5. The indigo isn’t ready to use at this point. To prepare it for dyeing, it must be converted from the blue form into a yellowish form. That’s what the reducing agent does. Dissolve 1 tablespoon of fresh
Thiox in a jar of warm water. Pour it into the dark dyebath and stir briefly. Cover the container and set it in a larger container of water ,just hot enough to keep the dyebath at a temperature of 100° to 120°F. If it is over 120, let it cool first. Don’t overheat it.
6. Meanwhile, put the yarn in hot water to soak. While the yarn does not have to be mordanted, it must be good and clean. You may dye the yarn all at once or divide it into two or more batches and dye them separately to get different shades of blue.
7. After an hour of so, when the dyebath has turned yellow, add the wet yarn, carefully lowering it down below the surface. Leave it to soak for 20 minutes or more, then gently lift it out of the dyebath. Like a miracle, the yarn will turn from yellow to blue as it reacts with oxygen in the air. Let the yarn dry in the air for as long as it soaked in the bath. One dipping and airing is usually enough to give rich colors on wool yarn, but to intensify the colors on cotton or silk yarn, repeat the soaking and airing two or more times. After the final airing, wash and rinse the yarn in a mild vinegar solution to return the pH to normal.
8. You can put two, three, or more successive batches of yarn into the same indigo dyebath, getting lighter colors each time, until the pigment is all used up and the yarn no longer turns blue. Then discard the dyebath (it’s safe to pour it down the drain) and scrub any stains out of the pot.
Things can go wrong. If you don’t get a good blue, here are some possible explanations:
* You picked leaves too early or too late in the season.
* You let the picked leaves sit around before heating them in water.
* You didn’t heat the water enough, or you heated it too fast, or the water overheated.
* You forgot to add the baking soda or ammonia, or you added too much.
* The Thiox was stale, and/or you didn’t use enough.
* You tried to dye too much yarn for the amount of leaves that you had.
* You abandoned the dyebath for a day or longer. If not used promptly, it can go bad.
Short Fresh Indigo Recipe
1. Pick 16 oz indigo – put in plastic bucket – cover with hot tap water.
2. heat to 160 degrees over a period of two hours.
3. Strain off liquid. Squeeze indigo
4. (indoxyl) Add two tbls of baking soda – stir a bit.
5. Pour back and forth to oxidize the indoxyl and change it to indigo – until it turns dark green/blue.
6. Dissolve 2 tbls thiox (thiorea dioxide) in warm water. Pour into dyebath. Cover and set in water.
7. Wait one hour until bath is yellow at around 100 – 120.
8. Add hot wet yarn – leave for 20 minutes. Take out and let oxidize.
9. put in Vinegar rinse.
1. Make stock solution – mason jar – 110 – 140 degree water.
Dissolve 3 tbls lye. Add 5 tbls synthetic indigo (this seems like a lot. I usually put in less) and stir 2 min.
Add 2/5 tsp thiox – stir 1 min. Set aside 15 0 60 minutes til reduced. I usually let it sit all night.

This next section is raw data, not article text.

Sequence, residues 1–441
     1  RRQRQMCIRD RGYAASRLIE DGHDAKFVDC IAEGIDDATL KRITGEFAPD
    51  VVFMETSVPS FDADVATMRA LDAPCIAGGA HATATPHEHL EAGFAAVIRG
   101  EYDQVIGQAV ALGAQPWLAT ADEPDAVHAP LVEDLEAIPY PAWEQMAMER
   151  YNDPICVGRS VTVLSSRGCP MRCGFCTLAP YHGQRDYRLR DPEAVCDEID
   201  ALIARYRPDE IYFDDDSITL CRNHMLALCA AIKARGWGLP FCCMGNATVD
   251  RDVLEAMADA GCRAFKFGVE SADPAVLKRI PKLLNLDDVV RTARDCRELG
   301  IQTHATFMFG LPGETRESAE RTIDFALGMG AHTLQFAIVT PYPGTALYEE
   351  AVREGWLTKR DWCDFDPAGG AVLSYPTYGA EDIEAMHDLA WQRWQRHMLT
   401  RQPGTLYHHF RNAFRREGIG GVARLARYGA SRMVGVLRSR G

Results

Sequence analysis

Will keep for a while. if it oxidizes – heat and add more thiox.
2. Fill 5 gal vat with hot tap water – 110 to 140 degrees
3. Add 3 1/2 tbls ammonia
4. Add 2 tsp gelatin and 2 tsp synthrapol
5. Add 2 tsp thiox – stir – let sit a bit
6. Add the stock solution allow to reduce – takes 10 miuutes to an hour or so.
7. 10 minutes first dip. – Dip over and over if you want dark color. Allow to oxidize
8. Vinegar rinse to neutralize
1. pee in bucket – let sit a week or so – need 4 gallons
2. put natural powdered indigo – 1 oz – in cloth bag. put in urine.
3. Every day for as long as it takes (a month) rub the bag and put back – be careful not to oxidize the vat.
4. Lower wool – let sit up to 24 hours. Oxidize.
5. Wash in soap until smell goes away
The Dye Process
The dye process for indigo differs from other dyes due to the inherent properties of the dyestuff; It requires a chemical reaction in order for it to adhere to the material and it is not soluble in water.
The three necessary components in indigo dying are:
1. Conversion of indigotin to leuco compound called indigo white. The indigo releases its oxygen to bond with the free hydrogen released by the reducing agent. This process is known as reduction of the indigo.
2. Addition of an alkaline substance permits the indigo to become soluble in water.
3. After removal from dye vat the indigo white adhering to the material returns to its original chemical state of indigotin by removing needed oxygen from the air. The material actually turns from yellow to blue before your eyes. This process is known as Oxidation of the indigo.
Reduction – Bacteria needs oxygen for respiration. It first pulls free oxygen from bath. When that is used up, then the Bacteria takes the oxygen from the water molecules, liberating hydrogen, which converts the Indigo Blue (O=C-C=C-C=O) to Indigo White (HO-C=C-C=OH). It is then soluble in alkali.
Indigo is derived from a shrubby legume growing to be five feet tall. It grows in many parts of the world and was commercially cultivated in the southern United States. Eliza Lucas Pickney brought the plant to South Carolina from England in 1747 and it was a staple crop from the 1740’s until the revolution.
Natural indigo was chemically synthesized in the 1870’s but until then was the major source of blue dye the world over. Since that time its commercial use has declined. Many hand dyers, however, realize that indigo blue is a beautiful, intense, fast color, that is almost miraculous to attain.
The blue dye derived from the indigo plant is called indigotin. It requires 100 plants to provide four ounces of indigo and six and a half pounds of indigo to dye 100 pounds of cloth.
Although indigo may appear difficult to work with due to the many methods used to attain the blue color and the fairly complicated procedure, once you understand what happens, it becomes surprisingly simple.
madder quick lime
yeast pearl ash
sugar soda ash
molasses wood ash
ferrous sulfate quick lime
sodium hydrosulfite washing soda
thiourea dioxide (Thiox) sodium hydroxide (lye)